This week, for no particular reason, I decided to go for a little ride…(I hope my fellow Forrest Gump enthusiasts picked up on that reference). Ok, so I really did have a reason – peak fall color. For this very reason, I chose to take “America’s Favorite Drive” on a section of the Blue Ridge Parkway and boy am I glad I did.
Of the 469 miles of parkway winding through North Carolina and Virginia, 46 of those miles carve their way through Haywood County. There are several routes you can take but I chose to hop on the BRP just outside of Maggie Valley via US-19 and headed north towards Asheville. This route takes the longest but is worth every twist and turn. There are a total of four parkway access points in Haywood County – US-19 in Maggie Valley, US 23-74 just outside of Waynesville, and Hwy 215 and Hwy 276 in Canton.
I rode pretty much the entire 46 miles by taking US-19 all the way to Hwy 276. Depending on how many stops you make, it could take you anywhere from a couple hours to an entire day just to cover the Haywood County section. And here is an important tip – fill up your vehicle before you go because the closest gas station on the parkway is over 50 miles away from the US-19 entrance at the Pisgah Inn. However, there does happen to be restroom facilities and a visitor center at Waterrock Knob (but no fuel). I highly recommend taking a break there to take in the views, grab some information or a snack, and maybe even take a quick hike to the top of the knob.
The parkway can be pretty crowded this time of year, especially the most popular overlooks and hiking trails, so today I thought I’d highlight a few of the overlooks that aren’t as widely publicized (and a few that are). With that said, there are a total of 74 total vistas and overlooks on the Blue Ridge Parkway in Haywood County, so needless to say you have plenty to choose from. It’s really fun to see how some of the views can be so different between one overlook to the next because of the drastic changes in elevation that occur. This is also one of the many reasons millions of people choose to cruise the Blue Ridge Parkway every year. There are tons of overlooks and vistas that provide amazing scenery and added adventures that you can enjoy by just putting your car in park and stepping outside.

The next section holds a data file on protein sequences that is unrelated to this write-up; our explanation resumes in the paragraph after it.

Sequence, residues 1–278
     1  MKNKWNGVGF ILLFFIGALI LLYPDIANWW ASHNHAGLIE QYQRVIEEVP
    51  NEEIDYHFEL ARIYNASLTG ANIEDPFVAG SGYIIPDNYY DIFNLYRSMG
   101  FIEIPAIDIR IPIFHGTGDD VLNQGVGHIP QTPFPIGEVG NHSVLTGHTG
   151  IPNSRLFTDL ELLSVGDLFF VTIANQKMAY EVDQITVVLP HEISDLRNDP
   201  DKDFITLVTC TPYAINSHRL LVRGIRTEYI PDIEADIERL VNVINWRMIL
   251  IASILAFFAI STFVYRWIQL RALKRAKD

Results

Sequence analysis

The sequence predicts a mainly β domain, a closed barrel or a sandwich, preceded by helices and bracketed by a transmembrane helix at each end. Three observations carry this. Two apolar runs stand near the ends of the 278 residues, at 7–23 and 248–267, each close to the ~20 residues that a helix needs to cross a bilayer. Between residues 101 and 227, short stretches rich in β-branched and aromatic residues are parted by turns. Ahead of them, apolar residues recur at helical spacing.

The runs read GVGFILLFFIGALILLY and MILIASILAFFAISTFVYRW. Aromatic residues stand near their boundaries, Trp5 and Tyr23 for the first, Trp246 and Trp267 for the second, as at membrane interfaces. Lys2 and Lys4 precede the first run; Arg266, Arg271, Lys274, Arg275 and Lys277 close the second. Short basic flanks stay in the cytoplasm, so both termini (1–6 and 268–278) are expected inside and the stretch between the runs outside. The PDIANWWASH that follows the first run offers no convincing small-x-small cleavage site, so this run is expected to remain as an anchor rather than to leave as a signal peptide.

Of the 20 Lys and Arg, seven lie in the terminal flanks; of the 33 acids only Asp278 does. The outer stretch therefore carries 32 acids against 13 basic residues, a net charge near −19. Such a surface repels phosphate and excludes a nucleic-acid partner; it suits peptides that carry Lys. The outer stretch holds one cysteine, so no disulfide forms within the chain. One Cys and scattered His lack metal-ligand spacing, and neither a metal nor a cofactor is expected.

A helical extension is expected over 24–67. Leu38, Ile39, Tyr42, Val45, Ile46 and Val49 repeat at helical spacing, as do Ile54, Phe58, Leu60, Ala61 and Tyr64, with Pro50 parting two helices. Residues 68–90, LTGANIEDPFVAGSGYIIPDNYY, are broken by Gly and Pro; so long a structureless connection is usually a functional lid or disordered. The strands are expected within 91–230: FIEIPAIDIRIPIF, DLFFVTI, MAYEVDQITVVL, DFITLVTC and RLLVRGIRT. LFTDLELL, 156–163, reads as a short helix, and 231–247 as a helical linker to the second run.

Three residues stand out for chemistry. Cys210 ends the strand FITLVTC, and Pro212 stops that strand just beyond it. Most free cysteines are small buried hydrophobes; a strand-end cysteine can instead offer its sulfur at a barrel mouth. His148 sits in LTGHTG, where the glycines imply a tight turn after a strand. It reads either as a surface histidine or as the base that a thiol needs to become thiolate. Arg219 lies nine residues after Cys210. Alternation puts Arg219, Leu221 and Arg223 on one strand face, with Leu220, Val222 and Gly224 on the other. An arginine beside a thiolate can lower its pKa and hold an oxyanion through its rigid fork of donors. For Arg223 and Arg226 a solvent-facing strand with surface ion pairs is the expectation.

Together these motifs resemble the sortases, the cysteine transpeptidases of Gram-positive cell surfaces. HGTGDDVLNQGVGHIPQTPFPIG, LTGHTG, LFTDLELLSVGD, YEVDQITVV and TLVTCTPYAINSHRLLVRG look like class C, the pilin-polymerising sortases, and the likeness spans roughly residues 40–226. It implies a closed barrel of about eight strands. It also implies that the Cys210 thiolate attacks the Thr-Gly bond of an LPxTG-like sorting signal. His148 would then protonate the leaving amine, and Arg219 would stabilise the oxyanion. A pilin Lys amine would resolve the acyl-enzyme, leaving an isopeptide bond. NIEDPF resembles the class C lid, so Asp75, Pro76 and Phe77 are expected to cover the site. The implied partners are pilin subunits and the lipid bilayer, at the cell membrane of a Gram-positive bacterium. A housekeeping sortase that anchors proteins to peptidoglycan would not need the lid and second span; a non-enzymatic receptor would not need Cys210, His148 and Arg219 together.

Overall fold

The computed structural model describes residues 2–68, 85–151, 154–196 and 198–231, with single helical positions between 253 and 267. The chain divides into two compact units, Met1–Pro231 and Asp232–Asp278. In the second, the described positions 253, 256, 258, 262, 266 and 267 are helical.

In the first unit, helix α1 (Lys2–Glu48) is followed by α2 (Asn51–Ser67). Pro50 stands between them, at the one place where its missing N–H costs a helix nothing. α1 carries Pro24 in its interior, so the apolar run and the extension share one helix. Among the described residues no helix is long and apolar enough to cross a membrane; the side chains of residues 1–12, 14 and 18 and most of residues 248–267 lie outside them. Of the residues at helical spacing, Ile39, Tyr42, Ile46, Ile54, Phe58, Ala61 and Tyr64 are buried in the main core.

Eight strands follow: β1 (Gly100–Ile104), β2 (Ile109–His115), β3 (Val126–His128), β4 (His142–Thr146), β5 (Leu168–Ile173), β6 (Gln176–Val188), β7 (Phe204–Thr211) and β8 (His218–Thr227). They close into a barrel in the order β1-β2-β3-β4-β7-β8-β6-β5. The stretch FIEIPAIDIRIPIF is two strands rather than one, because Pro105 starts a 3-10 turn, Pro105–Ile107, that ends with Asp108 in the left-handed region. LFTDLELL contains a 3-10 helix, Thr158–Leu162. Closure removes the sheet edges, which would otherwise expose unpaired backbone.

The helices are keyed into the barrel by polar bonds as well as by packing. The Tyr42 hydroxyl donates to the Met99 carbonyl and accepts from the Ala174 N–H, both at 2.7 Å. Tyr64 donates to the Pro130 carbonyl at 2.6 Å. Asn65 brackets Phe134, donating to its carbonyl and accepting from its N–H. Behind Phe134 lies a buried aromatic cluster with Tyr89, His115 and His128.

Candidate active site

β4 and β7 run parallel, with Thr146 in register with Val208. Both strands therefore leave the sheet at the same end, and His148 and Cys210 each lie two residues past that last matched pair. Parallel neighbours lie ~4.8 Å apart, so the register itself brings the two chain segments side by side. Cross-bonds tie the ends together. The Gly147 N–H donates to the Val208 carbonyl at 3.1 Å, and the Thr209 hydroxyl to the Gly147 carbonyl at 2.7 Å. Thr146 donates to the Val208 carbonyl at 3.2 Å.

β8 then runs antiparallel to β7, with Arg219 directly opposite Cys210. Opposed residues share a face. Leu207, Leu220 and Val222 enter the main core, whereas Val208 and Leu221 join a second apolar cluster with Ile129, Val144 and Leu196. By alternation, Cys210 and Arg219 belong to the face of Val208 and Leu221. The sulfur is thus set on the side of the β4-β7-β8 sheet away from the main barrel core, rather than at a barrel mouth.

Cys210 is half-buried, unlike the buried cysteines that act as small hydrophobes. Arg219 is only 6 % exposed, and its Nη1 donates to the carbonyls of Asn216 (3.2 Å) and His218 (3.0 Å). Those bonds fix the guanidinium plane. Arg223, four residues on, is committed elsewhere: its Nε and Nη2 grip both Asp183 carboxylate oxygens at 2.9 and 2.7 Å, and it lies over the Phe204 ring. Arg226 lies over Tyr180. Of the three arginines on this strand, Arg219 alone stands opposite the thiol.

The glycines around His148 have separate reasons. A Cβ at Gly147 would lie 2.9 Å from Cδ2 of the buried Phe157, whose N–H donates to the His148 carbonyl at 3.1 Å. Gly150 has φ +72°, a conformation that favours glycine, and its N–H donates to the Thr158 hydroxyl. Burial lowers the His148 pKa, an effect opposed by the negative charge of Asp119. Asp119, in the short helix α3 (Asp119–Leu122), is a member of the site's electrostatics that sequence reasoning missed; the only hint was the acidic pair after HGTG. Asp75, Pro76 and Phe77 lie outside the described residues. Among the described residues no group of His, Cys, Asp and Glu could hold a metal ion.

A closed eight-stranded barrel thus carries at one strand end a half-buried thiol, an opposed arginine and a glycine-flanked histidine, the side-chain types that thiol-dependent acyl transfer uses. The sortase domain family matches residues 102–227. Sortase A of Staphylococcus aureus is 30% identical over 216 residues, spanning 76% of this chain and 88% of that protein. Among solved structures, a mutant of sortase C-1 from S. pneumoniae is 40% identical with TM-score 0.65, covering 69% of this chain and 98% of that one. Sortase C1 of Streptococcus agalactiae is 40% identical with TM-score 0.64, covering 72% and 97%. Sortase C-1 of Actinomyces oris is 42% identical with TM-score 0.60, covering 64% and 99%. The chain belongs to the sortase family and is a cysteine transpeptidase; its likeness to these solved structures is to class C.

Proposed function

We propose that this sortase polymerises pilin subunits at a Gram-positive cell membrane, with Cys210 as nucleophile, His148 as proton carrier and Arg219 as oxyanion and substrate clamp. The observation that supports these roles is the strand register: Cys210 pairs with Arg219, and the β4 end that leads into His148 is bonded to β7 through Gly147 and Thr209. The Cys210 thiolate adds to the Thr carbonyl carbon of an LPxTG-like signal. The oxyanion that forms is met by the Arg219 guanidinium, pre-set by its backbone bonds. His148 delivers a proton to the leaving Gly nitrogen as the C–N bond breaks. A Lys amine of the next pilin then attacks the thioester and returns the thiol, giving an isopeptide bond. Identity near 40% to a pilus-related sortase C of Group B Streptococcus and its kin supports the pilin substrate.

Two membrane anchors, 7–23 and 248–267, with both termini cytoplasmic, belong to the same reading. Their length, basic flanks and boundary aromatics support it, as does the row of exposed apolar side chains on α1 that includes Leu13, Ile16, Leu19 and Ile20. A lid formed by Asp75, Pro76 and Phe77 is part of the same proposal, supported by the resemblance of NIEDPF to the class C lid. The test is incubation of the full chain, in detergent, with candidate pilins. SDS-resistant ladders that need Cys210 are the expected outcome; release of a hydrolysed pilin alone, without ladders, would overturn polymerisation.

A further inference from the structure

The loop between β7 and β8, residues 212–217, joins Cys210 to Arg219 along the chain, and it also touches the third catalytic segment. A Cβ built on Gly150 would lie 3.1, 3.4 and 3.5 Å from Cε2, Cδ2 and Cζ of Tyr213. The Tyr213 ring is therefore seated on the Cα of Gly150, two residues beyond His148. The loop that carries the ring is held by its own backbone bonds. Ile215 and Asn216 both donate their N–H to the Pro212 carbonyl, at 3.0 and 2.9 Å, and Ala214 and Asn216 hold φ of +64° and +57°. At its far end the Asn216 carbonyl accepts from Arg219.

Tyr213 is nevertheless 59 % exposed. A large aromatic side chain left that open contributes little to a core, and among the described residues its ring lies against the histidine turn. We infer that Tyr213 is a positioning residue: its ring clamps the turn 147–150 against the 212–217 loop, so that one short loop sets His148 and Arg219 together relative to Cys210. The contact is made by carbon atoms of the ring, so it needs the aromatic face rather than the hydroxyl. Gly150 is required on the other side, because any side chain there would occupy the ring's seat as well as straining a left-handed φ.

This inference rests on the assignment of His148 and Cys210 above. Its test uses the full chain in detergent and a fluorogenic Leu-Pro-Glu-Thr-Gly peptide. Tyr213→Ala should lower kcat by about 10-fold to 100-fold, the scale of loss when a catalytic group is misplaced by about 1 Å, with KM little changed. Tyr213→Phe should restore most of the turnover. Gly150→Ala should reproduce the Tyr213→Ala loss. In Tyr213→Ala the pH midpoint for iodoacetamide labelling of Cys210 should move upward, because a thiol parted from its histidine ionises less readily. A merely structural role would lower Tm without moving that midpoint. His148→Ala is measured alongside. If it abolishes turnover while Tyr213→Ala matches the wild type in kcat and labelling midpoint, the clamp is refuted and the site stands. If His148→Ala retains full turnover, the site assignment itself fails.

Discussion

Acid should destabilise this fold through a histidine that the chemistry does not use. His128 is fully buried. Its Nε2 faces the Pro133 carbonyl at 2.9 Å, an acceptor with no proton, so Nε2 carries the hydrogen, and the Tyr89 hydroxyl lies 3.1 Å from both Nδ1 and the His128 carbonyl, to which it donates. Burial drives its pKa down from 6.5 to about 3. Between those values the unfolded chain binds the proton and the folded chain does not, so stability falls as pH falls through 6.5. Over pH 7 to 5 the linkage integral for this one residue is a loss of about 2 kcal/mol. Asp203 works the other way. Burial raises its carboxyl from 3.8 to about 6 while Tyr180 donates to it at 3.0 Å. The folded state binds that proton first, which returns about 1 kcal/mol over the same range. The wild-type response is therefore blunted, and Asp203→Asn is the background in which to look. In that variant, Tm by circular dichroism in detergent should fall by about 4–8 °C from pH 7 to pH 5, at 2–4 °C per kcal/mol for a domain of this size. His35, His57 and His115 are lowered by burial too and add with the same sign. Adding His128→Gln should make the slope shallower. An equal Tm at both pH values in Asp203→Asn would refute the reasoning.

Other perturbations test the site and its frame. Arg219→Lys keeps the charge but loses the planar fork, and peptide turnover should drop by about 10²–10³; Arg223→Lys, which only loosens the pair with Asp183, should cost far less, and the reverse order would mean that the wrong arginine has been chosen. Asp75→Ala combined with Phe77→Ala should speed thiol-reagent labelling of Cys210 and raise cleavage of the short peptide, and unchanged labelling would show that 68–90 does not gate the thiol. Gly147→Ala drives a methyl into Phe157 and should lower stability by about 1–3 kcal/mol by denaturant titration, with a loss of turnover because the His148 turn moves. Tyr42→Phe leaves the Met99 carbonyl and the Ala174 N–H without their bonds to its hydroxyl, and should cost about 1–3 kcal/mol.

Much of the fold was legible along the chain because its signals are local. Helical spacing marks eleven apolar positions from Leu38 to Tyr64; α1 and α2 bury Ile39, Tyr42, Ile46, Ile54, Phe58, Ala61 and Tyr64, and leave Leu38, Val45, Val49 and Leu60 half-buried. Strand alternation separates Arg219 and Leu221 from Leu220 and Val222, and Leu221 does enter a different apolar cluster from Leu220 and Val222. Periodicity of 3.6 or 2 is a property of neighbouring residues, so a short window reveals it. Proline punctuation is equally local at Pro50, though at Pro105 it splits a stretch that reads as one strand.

Below are few of the overlooks I stopped to take in the sights from. Some you may have never heard of and some you may have, but I hope these handful of vistas will inspire your next trip to the Blue Ridge Parkway.
Milepost 454.1 – Thunder Struck Ridge
One of the first overlooks you’ll come across once you hop on the Blue Ridge Parkway on US 19 in Maggie Valley and head North.
Milepost 445.2 – Mt. Lyn Lowry Overlook
You can barely see the 60-foot tall white cross at the peak of the mountain, but make this stop after night falls and you’ll see the light of the cross beaming in memory of a young lady named Lyn Lowry. General Sumter Lowry and his wife Ivilyn erected the cross in memory of their 15-year old daughter Lyn who passed away from a battle with leukemia in the 1960s. Since 1964 the cross has shined brightly over the Balsams and continues today.
Milepost 431.4 – Richland Balsam Overlook
No trip to the Blue Ridge Parkway in Haywood County is complete without a stop at the highest elevation point on the entire 469 mile scenic byway. The large parking lot offers sweeping views of the surrounding mountains and plenty of photo opportunities, including with the sign shown above.
Milepost 431 – Haywood-Jackson Overlook
Don’t overlook this overlook! Signifying the mountains shared by Haywood County and Jackson County, this pull off offers some pretty incredible, sweeping views. There is also a nice picnic area so you can dine al fresco among the gorgeous scenery.
430.7 – Cowee Mountain Overlook
One of the most dramatic overlooks on the parkway, the Cowee Mountain Overlook boasts waves upon waves of rolling mountains. Don’t miss this one as this photo doesn’t begin to do it the same justice as experiencing it in person.
Milepost 423.5 – Courthouse Valley Overlook
Sometimes overlooked by the popular Devil’s Courthouse Overlook, the Courthouse Valley overlook is a quieter pull off with some of the same amazing views.
Milepost 417 – Looking Glass Rock
This overlook is not lacking in popularity by any means, but this is such a unique view of Looking Glass Rock that it is worth waiting for a parking spot.
Milepost 411.9 – Cold Mountain Overlook
If the name Cold Mountain sounds familiar, then you’ve surely either seen the movie or read the civil war era novel by Charles Frazier named after the mountain itself. Many people don’t realize it is a real mountain, but the peak of Cold Mountain to the right of the sign is very real. Many of the characters in the story were real to, including Inman. He is even buried right here in Haywood County and you can learn a little more about that in another blog highlighting a few of our historic cemeteries.
If you like this story, also check out the Blue Ridge Parkway page where you can download the Blue Ridge Parkway map and plan your ride on “America’s Favorite Drive”!